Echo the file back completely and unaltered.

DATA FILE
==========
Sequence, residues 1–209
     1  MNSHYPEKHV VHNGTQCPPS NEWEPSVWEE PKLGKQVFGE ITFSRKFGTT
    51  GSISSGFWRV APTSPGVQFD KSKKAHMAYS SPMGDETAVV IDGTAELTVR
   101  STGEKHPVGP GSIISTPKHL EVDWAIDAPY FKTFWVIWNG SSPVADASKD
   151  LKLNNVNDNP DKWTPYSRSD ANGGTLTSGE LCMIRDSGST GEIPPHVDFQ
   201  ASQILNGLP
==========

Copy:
Sequence, residues 1–209
     1  MNSHYPEKHV VHNGTQCPPS NEWEPSVWEE PKLGKQVFGE ITFSRKFGTT
    51  GSISSGFWRV APTSPGVQFD KSKKAHMAYS SPMGDETAVV IDGTAELTVR
   101  STGEKHPVGP GSIISTPKHL EVDWAIDAPY FKTFWVIWNG SSPVADASKD
   151  LKLNNVNDNP DKWTPYSRSD ANGGTLTSGE LCMIRDSGST GEIPPHVDFQ
   201  ASQILNGLP